In a recent virtual event honoring Joanna Macy’s “The Work that Reconnects,” I experienced a taste of her beautifully creative approach intentionally designed to empower people and awaken opportunities. Discovering meaningful connection feeds a healthier sense of self, and inspires people to create. Shared experiences such as writing poetry together feel like living with abundance, empathy and joy.
Authenticity and reciprocity are fundamental to Macy’s work; people resonate with this because living with a sense of possibility is compelling. Living with rigid expectations (such as being a quiet, dutiful wife in the1930s) can feel dehumanizing.
We are profoundly impacted by the stories we hear and tell ourselves. For example, dismissing people’s need to belong or refusing to acknowledge their value, greatly inhibits their ability to engage collaboratively. Collaboration may feel more like an unknown, unattainable expectation. Erosive environments pique people’s defenses on all sides and relationships can become toxic; whole organizations may become stuck in patterns that perpetuate inequality.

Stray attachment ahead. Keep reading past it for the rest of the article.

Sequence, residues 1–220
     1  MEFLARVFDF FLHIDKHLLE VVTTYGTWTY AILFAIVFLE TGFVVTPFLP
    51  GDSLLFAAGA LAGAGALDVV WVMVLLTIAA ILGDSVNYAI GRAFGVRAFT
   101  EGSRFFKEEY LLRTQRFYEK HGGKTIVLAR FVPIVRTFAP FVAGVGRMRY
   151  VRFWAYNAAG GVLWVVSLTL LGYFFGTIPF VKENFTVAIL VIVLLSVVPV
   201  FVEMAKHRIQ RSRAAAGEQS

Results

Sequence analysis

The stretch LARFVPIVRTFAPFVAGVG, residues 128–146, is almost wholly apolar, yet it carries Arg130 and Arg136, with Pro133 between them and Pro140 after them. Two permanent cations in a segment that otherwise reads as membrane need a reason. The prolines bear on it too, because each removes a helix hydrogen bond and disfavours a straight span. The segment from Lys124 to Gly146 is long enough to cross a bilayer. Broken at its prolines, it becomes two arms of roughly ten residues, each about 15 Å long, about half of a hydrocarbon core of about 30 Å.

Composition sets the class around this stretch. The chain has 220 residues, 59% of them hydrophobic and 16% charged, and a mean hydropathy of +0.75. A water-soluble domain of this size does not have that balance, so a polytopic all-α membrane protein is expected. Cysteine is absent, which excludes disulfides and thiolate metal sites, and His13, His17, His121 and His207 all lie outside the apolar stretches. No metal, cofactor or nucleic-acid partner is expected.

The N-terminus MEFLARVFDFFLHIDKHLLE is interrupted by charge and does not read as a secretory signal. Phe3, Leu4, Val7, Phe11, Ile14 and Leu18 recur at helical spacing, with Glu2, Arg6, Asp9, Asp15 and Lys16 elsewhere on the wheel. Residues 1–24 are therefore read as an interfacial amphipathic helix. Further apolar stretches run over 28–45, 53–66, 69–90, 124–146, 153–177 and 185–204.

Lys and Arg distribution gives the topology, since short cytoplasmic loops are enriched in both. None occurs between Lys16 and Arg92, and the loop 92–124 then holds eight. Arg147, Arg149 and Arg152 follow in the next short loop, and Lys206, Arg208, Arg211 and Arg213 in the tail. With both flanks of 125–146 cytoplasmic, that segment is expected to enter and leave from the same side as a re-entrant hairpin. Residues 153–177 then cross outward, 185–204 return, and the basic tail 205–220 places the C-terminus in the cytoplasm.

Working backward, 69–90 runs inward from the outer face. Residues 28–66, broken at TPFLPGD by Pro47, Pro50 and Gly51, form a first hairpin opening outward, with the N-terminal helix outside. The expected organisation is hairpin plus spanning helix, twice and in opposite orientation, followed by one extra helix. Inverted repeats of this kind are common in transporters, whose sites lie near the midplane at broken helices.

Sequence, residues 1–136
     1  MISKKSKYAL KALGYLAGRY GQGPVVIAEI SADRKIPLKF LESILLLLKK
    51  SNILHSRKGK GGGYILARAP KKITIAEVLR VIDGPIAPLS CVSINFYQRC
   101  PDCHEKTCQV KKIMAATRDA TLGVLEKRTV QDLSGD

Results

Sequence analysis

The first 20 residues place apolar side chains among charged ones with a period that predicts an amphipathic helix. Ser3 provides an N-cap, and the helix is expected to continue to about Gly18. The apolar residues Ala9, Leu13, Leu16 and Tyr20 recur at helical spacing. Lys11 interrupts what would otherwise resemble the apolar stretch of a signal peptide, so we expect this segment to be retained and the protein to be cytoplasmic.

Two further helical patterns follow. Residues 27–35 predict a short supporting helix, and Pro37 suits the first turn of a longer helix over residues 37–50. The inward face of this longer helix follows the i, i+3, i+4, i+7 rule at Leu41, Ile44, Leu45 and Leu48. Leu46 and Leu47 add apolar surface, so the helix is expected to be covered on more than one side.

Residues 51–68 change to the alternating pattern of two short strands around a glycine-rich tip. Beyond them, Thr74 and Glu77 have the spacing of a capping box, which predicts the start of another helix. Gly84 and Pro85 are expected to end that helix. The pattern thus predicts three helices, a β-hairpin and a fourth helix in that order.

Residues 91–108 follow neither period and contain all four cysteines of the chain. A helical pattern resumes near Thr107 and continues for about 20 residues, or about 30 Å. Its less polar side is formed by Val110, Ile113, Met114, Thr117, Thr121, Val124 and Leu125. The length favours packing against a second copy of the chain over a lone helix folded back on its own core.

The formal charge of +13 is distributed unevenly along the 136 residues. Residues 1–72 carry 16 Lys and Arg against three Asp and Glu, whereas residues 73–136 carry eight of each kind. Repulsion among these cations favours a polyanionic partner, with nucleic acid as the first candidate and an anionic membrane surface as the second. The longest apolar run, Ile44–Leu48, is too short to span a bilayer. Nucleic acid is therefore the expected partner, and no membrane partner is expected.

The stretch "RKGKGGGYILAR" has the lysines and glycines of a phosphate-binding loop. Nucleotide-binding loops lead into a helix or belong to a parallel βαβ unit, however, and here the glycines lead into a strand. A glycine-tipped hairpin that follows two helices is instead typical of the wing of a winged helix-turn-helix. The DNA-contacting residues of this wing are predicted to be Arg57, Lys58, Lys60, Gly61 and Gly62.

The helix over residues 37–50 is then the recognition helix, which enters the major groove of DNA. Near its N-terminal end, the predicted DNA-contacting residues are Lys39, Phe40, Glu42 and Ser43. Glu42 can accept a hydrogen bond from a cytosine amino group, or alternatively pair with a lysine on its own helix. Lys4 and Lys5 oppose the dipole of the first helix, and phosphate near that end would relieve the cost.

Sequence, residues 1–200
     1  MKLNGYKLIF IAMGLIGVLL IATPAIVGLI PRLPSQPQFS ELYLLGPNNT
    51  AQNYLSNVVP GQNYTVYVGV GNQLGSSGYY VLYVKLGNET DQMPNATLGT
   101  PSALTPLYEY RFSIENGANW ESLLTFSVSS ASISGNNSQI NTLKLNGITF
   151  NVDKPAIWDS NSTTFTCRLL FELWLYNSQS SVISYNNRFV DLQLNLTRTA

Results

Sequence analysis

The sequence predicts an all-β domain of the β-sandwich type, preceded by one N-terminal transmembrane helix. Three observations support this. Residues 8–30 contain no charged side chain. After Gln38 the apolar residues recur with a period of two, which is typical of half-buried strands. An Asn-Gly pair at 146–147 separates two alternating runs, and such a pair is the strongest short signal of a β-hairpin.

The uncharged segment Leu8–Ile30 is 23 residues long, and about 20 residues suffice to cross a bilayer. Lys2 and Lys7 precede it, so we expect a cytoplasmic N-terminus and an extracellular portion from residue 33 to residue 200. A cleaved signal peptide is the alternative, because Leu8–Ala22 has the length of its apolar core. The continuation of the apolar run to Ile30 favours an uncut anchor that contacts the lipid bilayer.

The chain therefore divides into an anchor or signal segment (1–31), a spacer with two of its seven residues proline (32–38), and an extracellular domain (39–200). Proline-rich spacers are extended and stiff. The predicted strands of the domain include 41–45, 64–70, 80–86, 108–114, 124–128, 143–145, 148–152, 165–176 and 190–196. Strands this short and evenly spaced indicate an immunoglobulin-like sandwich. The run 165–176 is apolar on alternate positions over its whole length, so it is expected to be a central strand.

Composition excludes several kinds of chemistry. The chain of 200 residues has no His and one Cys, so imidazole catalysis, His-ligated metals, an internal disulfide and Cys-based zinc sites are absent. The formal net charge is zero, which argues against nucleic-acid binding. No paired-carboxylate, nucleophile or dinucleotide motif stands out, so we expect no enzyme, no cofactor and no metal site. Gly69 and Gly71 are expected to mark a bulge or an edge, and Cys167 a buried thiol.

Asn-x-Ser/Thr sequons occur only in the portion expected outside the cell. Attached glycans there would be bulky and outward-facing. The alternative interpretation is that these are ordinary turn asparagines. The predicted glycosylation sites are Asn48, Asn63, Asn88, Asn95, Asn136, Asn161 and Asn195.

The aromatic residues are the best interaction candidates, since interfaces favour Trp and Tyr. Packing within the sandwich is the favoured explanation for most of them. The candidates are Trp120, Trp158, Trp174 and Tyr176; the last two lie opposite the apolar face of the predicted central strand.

Accountability to the well-being of people and place grows the potential for people to feel valued and appreciated. Conscientiously embedding space for mutual authenticity provides opportunities for people to build trusting relationships. Being invitational creates space for people with varied lived experiences or differing perspectives to contribute to the overall design and increases the potential for organizations and communities to thrive.
Reimagining and co-creating challenges people; being invitational is a leap of faith and it all requires stamina. Learning from each other helps to identify erosive cycles at a systems level, and facing challenges helps to realize what’s possible. I’m grateful when people authentically connect, honor each other’s identity, recognize each other’s purpose, and for people who breath life affirming energy into our community. Just as with pollinator habitats, resilience happens in the midst of diversity, it looks like all types of people together, creating space for responsive strategies to emerge. Aren’t we nature after all?
Cathleen is a board member of Sustainable Finger Lakes and a liaison with Building Bridges.